Save Time, Stay Informed: Read BNA Email Highlights

Trying to keep abreast of certain areas of law and stay informed? Why not use a current awareness tool, such as Bloomberg BNA (Bureau of National Affairs).

I think you will find it is a great time saver! Bloomberg BNA offers daily, weekly, or monthly news services on topics that span corporate law, tax, accounting, employment law, environment, health care, intellectual property, litigation, and more. Bloomberg BNA newsletters keep you up-to-date with news and analysis on the most current developments in a particular practice area and are great for staying current for an ongoing research assignment or to ensure as a practitioner that you remain up to date in your field. These products go beyond case law, providing updates on legislative and regulatory developments, and industry trends and developments.

For example, if you follow developments in the area of criminal law, you may be interested in the following highlight from BNA's Criminal Law Reporter issue dated September 24, 2014, Vol. 95, No. 24:
  • Sept. 18 -- The Fourth Amendment does not require that a search warrant for a mobile phone identify the specific components of the phone that the police have authority to search, the Kentucky Supreme Court decided Sept. 18. (Hedgepath v. Commonwealth, 2014 BL 259813, Ky., No. 2013-SC-000343-MR, 9/18/14)
BNA Snapshot
  • Holding: A search warrant doesn't have to particularly describe the features of the mobile
    phone that officers have authority to search.
  • Potential Impact: Takes a position on an issue raised by the U.S. Supreme Court's landmark ruling on digital privacy.
These types of highlights from Bloomberg BNA can be sent directly to your email and keep you informed. WNE School of Law students can access BNA by going to the Library's Databases page, and then choosing Bloomberg BNA Databases from the links listed. From that page, a user can select from one of the many different products that focus on specific areas of law. You will then have the option to sign up for email updates for each service in a given area of law. From the initial Bloomberg BNA homepage, you will see "Create an Account Profile" in the upper left of the screen.

Creating an account profile not only allows you to sign up for email updates, but allow you to take advantage of unique features available to personalize your subscription. For each individual BNA database, you will then have the ability to customize what you see each time you access it. By clicking on the "Customize Topics" tab at the top of the page, you can select specific sub-topics, courts, agencies, and states that you wish to see news and analysis from on the home page.

By personalizing your subscription you also will be able to:
  •     Save search history for 90 days
  •     Create folders to save searches, documents, and more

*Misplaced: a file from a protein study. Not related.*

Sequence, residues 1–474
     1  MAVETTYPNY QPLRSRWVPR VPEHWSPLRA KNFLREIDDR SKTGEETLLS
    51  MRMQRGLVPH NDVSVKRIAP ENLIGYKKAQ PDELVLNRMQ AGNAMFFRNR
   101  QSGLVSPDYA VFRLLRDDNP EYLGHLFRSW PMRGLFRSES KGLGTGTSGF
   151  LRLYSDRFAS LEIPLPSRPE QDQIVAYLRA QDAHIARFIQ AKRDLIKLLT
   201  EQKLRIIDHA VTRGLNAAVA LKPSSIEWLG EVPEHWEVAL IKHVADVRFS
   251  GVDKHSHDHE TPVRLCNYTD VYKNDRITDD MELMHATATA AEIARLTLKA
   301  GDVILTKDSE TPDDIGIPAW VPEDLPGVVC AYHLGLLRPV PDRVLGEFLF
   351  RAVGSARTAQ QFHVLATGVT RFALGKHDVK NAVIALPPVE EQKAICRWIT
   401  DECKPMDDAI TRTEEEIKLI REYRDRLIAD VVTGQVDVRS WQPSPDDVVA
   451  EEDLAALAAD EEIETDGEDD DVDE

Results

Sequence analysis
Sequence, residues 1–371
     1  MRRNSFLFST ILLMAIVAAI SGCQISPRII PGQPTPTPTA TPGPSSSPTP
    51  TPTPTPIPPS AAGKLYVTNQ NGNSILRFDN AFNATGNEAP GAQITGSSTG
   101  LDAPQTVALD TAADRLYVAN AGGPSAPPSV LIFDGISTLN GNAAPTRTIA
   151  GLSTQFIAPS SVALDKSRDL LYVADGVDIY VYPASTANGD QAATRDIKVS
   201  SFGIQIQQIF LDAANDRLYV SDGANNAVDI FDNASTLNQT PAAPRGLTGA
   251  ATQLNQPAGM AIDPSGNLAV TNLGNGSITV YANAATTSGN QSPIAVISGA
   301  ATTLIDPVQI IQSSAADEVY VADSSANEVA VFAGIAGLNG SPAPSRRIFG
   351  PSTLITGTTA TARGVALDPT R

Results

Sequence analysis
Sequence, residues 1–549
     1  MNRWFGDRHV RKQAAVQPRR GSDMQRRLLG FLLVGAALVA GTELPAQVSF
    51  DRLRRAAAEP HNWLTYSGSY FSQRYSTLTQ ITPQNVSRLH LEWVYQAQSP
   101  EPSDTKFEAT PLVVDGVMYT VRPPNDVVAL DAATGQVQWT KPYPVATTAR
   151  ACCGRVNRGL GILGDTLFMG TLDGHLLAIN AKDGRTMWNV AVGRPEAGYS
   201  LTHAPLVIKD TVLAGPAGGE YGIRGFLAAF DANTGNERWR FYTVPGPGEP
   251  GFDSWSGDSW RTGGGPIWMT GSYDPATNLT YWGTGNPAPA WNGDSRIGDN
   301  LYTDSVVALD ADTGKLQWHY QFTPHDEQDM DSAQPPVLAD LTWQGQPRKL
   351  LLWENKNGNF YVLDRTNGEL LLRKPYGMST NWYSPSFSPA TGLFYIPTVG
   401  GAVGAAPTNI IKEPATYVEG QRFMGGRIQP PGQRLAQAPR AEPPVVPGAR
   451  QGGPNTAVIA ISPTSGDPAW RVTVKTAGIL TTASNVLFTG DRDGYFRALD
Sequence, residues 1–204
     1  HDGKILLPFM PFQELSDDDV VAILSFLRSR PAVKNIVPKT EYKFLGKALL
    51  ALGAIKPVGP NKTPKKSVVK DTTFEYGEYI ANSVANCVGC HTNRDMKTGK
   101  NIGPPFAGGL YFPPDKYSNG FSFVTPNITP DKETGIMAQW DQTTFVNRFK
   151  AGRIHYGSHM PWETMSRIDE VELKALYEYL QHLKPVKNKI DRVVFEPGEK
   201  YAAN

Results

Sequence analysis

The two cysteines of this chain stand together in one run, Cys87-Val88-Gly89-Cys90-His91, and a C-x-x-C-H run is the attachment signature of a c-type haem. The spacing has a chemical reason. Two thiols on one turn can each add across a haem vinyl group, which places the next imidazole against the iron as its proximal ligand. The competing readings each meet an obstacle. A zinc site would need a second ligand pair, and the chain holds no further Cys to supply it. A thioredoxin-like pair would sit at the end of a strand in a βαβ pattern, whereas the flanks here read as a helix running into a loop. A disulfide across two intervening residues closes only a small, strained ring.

•     Email a direct link to a colleague with the Share link
Get started on using Bloomberg BNA to keep you up to date!









Tuesday, September 23, 2014

Federal Legislative History - A Webinar by the Federal Depository Library Program

At some point, every law student will need to become aware of the various materials that were generated in the course of creating legislation which includes committee reports, analysis by legislative counsel, committee hearings, floor debates, and histories of actions taken.

On October 7, 2014, the FDLP, Federal Depository Library Program, will host a 60 minute webinar at 2:00 PM Eastern Time on just this topic. Registration is required but the webinar is free to everyone. The webinar will discuss the ways in which Federal statutes are published and cited, what  Federal legislative histories are and how they are used, the normal steps in compiling and researching Federal legislative histories, and the various resources available, both free and commercial.

You can register today at Federal Legislative History 101.

If you cannot make this webinar at this time, the FDLP archives them for later use and should be available at the archived site.

Don't miss this opportunity to get the information directly from the source.

Wednesday, September 17, 2014

A Way to Save Websites for Later Viewing (Or, How I Learned to Stop Worrying and Love Procrastination)

If you’re anything like me, chances are you’ve probably stumbled on a newspaper article, blog post, or other website that you wanted to read, thought, "Huh, that looks interesting," and then realized you didn't have time to read it. Or, maybe you’re trying to keep your eyes out for news on a particular legal topic, or searching for a something to write about for a research paper or a law review note. Fortunately, there are a number of mobile apps out there that will save these pages for you to access later, online or off. These apps also strip down the site into a more readable, distraction-free format, so the article looks more like what you would find in an ebook. They’re a simpler alternative to powerful research tools like Zotero and Evernote, because they're intended as a quick solution, with no real opportunity to organize in a sophisticated way. This, I think, though, is their strength, as they allow you to quickly, and without hassle, save something you’ve stumbled upon for later viewing. (It should be noted, though, that they do all allow for tagging.)